Like that hot guy who works in the wood shop around the corner, Local Natives’ debut LP Gorilla Manor is most attractive at its messiest. Replete with sweet piano, duetting guitars, and insistent drumming, the California quintet paints a mostly pretty picture. But it’s when they veer away from pretty that things get adorably hairy.
Loud leadoff “Wide Eyes,” therefore, deceives a little. It’s a wooly, wholly engaging way to be dropped into their music, employing, if fleetingly, three-against-four counterpoint that pushes and pulls the listener’s attention toward the dark backup vocals and confessional lyricism that characterize the album. Echoing and apprehensive, it layers two intertwining guitar melodies atop one another and even contains a barreling drum-break B-section that disassembles the song into its component parts before building it back up again. But the other tracks are hard-pressed to match its its kineticism, its draw, because Local Natives only take such rhythmic risks sparingly.
Much of Gorilla Manor resides securely in clean-shaven, emotional ballad territory. “Airplanes,” for example, rests on string-section backing and pervasive vocal harmonies to flesh out its “I want you back” second-person narrative. Other tracks read like a college freshman’s diary — “World News” paints a character portrait by mentioning NPR and the fact that when its subject’s phone rings, a picture of her mother shows up on it. But both “Airplanes” and “World News” also demonstrate Local Natives’ mastery of dynamic building to give a topographical profile to their songwriting. Though lacking poignant observational lyrics (and frequently flirting with the trite), the band certainly has a theatrical ear that gives the record real altitude.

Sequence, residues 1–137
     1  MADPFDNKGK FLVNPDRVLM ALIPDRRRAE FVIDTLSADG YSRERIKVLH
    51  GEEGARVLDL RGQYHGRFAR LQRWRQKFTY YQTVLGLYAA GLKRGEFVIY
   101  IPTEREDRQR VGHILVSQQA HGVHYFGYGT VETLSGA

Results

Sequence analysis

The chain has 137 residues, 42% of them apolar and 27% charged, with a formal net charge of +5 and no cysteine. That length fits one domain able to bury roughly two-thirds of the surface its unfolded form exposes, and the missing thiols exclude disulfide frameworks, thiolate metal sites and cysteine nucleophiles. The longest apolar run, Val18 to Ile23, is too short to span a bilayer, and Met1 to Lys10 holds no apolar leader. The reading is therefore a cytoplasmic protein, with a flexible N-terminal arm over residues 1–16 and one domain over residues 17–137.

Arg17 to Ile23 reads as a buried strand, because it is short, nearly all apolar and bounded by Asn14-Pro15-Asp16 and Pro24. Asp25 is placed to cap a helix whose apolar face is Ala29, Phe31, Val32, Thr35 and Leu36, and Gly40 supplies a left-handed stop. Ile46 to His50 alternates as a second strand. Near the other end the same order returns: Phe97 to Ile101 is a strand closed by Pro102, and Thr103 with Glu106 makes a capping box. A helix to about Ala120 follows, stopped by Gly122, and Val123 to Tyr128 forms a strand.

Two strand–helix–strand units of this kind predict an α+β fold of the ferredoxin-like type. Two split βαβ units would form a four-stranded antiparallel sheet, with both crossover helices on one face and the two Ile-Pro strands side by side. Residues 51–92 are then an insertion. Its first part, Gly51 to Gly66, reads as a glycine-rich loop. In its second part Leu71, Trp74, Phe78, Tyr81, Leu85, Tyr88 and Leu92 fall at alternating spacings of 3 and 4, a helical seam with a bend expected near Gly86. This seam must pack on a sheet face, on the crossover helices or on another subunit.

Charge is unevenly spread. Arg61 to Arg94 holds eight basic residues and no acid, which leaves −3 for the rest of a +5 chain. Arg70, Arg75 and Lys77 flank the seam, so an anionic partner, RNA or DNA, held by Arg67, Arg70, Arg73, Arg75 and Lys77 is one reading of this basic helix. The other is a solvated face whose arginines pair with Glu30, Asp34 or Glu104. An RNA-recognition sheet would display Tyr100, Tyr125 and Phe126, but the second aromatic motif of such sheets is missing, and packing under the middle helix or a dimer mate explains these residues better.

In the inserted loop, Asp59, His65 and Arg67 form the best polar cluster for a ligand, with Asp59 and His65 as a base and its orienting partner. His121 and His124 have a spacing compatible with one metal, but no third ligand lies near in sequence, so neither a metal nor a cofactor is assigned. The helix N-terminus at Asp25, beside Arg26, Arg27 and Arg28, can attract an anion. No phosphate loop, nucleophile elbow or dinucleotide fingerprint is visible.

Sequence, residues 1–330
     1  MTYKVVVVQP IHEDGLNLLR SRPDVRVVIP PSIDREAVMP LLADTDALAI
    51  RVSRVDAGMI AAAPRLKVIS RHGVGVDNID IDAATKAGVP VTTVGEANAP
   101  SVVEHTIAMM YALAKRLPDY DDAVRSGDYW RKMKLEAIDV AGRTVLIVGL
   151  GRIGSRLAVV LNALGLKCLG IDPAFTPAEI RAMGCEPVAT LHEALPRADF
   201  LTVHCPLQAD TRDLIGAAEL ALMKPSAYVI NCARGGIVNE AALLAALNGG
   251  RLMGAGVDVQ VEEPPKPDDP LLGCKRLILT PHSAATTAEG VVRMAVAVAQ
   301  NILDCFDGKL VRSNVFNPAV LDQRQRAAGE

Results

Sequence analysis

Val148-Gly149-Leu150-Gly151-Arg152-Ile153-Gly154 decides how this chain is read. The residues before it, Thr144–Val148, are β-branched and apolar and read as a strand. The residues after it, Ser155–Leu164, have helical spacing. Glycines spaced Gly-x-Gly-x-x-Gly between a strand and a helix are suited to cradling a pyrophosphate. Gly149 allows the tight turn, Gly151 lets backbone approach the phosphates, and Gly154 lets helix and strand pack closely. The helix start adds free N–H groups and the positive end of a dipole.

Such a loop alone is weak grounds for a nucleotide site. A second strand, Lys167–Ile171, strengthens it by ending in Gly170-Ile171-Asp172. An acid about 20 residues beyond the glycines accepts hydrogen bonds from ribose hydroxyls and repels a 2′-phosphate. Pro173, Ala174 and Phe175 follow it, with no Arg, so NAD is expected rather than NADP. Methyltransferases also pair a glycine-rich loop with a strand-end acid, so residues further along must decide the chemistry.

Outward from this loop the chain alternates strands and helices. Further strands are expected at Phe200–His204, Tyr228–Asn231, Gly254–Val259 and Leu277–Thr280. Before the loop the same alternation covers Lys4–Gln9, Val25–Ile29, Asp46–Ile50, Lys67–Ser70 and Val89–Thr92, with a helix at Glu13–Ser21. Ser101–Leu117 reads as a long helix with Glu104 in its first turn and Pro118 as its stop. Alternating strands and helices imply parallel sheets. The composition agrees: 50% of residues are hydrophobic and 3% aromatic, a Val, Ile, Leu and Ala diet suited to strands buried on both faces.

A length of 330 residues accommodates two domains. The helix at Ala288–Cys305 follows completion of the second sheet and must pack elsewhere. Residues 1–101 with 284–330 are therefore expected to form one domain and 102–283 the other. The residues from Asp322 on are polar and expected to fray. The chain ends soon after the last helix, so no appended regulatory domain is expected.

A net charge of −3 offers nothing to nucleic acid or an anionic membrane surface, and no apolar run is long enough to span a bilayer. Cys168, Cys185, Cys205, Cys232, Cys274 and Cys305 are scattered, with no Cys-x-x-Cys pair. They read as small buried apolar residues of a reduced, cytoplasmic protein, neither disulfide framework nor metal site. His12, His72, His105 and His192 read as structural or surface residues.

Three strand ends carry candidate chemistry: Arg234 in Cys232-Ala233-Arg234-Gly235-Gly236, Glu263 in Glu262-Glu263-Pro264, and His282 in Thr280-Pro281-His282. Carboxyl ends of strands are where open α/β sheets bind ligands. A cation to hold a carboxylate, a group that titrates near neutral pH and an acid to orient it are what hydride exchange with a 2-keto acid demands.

This is because, at its peaks, Gorilla Manor possesses a dark, spiraling beauty. Driving numbers like “Sun Hands,” “Wide Eyes,” and “Shape Shifter” feature drummer Matt Frazier front and center: exactly where he belongs. He switches styles from song to song and within the pieces themselves, alternately trying on tribal (“Stranger Things”), disco (“Camera Talk”), or even rockabilly/psychobilly (“Sun Hands”) hats, all kick drum and rim-taps. Sure, because of this, Local Natives can sound like other percussion-centric acts like The Dodos. But if we’re making that argument, then we should acknowledge how terrifyingly similar keyboardist Kelcey Ayer’s vocal delivery during “Cubism Dream” sounds to Jump, Little Children’s Jay Clifford. What’s the point? And behind the crooning choruses, noodling piano, and heavy bass of “Shape Shifter,” there’s rattling, chaotic percussion à la Bon Iver that gives the song another of the album’s occasional, scintillating glimpses of reckless abandon.
“Sun Hands” also devolves, for the first time on the record, into a gut-grinding group-sing before returning to the pretty “Ah”s to which the band cleaves. They have such a moment again during their cover of Talking Heads’ “Warning Sign,” when the whole group seems to channel The Arcade Fire for a matter of seconds as they chant together over punk guitars. Then, as if it had never happened, the light switch flips and the texture returns to its smooth bassline. You could argue that the unkempt moments pack more punch because of their rarity. There are entire tracks on Gorilla Manor that gamble absolutely nothing; “Who Knows Who Cares” and “Stranger Things” could’ve been made by any clean-shaven top-40 piano crooner (that is, except for the 30 seconds during “Who Knows Who Cares” in which Frazier goes completely ballistic on the toms). But for a band that so obviously has a starved knack for the compellingly insane, more is more. Letting themselves go with greater frequency would turn what is a pretty record into one that actually breaks ground; it’d be sexier that way.